This is an excerpt from Universal Design for Learning in Physical Education With Web Resource by Lauren Lieberman,Michelle Grenier,Ali Brian & Katrina Arndt.
By Emily N. Gilbert and Adam Pennell
Lesson 7: Track and Field
Track and Field
Grade Level: High School
Standard 1. The physically literate individual demonstrates competency in a variety of motor skills and movement patterns.
Standard 2. The physically literate individual applies knowledge of concepts, principles, strategies and tactics related to movement and performance.
Standard 3. The physically literate individual demonstrates the knowledge and skills to achieve and maintain a health-enhancing level of physical activity and fitness.
S1.H1.L1. Demonstrates competency and/or refines activity-specific movement skills in 2 or more lifetime activities (outdoor pursuits, individual-performance activities, aquatics, net/wall games or target games).
S2.H2.L1. Uses movement concepts and principles (e.g., force, motion, rotation) to analyze and improve performance of self and/or others in a selected skill.
S3.H8.L1. Relates physiological responses to individual levels of fitness and nutritional balance.
Activity 1: Pace Yourself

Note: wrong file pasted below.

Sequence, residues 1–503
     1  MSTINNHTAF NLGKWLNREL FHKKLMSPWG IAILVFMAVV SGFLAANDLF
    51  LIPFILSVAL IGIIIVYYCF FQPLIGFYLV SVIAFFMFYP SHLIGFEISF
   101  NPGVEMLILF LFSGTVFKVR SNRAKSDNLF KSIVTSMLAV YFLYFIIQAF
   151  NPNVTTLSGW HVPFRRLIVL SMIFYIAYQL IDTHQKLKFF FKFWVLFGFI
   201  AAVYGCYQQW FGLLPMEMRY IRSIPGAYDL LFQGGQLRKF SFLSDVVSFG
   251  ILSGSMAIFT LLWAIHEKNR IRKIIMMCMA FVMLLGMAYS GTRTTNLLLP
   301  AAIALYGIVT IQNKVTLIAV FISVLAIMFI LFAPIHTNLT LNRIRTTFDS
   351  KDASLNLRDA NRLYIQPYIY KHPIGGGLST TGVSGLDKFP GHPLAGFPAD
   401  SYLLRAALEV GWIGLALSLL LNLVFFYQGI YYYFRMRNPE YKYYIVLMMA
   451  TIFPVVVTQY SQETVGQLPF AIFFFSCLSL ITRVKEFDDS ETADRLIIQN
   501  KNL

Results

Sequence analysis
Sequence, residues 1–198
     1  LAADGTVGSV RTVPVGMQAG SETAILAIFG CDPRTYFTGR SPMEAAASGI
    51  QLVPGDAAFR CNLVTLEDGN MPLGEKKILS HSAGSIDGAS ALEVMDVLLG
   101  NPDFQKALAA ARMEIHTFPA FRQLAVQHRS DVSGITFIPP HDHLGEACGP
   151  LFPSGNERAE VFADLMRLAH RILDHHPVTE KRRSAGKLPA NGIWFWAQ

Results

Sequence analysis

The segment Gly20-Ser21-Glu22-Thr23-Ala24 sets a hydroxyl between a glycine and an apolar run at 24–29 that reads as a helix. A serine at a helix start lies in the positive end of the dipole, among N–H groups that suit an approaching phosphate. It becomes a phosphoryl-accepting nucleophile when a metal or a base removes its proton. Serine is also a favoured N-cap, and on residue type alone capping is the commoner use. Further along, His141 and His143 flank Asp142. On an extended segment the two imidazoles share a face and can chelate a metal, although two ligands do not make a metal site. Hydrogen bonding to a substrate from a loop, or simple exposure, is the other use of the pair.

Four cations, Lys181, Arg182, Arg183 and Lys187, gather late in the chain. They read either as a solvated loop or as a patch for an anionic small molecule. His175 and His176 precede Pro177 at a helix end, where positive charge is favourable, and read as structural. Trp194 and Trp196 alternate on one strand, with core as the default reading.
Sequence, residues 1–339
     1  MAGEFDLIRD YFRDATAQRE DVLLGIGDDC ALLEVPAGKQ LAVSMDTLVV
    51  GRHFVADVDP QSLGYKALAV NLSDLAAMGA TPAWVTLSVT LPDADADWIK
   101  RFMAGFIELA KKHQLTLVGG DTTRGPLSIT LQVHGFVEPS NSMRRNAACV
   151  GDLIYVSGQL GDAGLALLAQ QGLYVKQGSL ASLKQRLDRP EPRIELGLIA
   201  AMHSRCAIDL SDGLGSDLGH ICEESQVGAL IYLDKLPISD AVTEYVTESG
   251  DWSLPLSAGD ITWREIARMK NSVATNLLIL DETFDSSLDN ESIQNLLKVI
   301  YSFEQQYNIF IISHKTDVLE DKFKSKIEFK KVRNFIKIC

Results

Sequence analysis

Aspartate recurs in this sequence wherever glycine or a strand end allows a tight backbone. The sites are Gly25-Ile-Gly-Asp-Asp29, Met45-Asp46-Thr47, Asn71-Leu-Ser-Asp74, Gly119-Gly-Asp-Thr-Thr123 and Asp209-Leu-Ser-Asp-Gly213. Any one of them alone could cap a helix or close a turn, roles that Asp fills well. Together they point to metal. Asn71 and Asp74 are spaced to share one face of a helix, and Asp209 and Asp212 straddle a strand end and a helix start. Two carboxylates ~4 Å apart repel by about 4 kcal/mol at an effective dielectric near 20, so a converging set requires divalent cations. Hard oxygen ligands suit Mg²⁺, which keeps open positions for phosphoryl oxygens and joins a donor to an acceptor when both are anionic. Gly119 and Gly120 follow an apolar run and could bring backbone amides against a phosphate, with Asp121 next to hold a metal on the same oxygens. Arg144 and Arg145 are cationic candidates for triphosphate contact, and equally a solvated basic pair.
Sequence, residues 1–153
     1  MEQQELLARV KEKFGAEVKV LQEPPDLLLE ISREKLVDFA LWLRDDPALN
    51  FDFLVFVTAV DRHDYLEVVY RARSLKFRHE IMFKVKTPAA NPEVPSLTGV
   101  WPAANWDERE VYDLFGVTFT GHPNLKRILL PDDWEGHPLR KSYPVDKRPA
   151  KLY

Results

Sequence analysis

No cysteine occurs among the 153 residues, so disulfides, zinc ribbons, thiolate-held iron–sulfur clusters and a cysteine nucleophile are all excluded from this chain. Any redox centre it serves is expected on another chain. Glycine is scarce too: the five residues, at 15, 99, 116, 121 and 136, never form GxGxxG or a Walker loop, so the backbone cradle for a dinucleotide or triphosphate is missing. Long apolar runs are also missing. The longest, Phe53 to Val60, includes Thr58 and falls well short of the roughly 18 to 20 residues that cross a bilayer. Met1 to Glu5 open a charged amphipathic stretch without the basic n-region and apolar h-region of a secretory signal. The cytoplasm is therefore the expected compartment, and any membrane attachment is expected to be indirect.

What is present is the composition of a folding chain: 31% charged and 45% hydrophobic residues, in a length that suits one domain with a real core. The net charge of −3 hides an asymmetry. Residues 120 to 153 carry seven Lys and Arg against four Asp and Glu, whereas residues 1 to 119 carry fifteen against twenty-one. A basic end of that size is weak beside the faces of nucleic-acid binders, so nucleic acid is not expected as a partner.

Time: 15 minutes
Description: Students are allotted 12 minutes to run as far as they can. Before beginning, the teacher discusses the importance of self-pacing for distance running. In addition to discussing the importance of pacing, the teacher should provide a video example describing how to begin pacing their own running. Here is an example: https://www.runtothefinish.com/how-to-pace-yourself-while-running/. The purpose of this task is for the students to challenge themselves with a pace that is difficult but that they can maintain for 12 minutes. Students can choose to run, jog, or speed walk, and they may also pair up with a partner to help motivate each other. The teacher should emphasize not stopping until the time limit is up.
- Breathing—in through your nose and out through your mouth
- Land midfoot and roll to forefoot (balls of your feet)
- Slight forward lean
- Land quietly (no bounce)
Organization: We recommend using a track, but the activity can be done in a gymnasium or other location where the teacher has an optimal view of the students.
Activity 2: Sprinting—10, 20, 30, 40, 50
Time: 15 minutes
Description: During this task, students focus on sprinting starts while steadily increasing the distance. The students start by sprinting 10 meters and jogging back, then 20 meters and jogging back, and so on. This continues until all the students reach 50 meters. Each new distance begins when everyone is back in their lane and ready to go so that no one is left behind. The students can select from a standing start, down start, or block start. To support the teacher's instruction, provide pictures for the students showing standing, down, and block starts. This will help the students compare the different types of starts. The teacher should emphasize starting form, staying in the marked lane, and smooth transition into sprinting form.
- Verbal start signal: “Take your mark, get set, go”
- Visual start signal: Wave green flag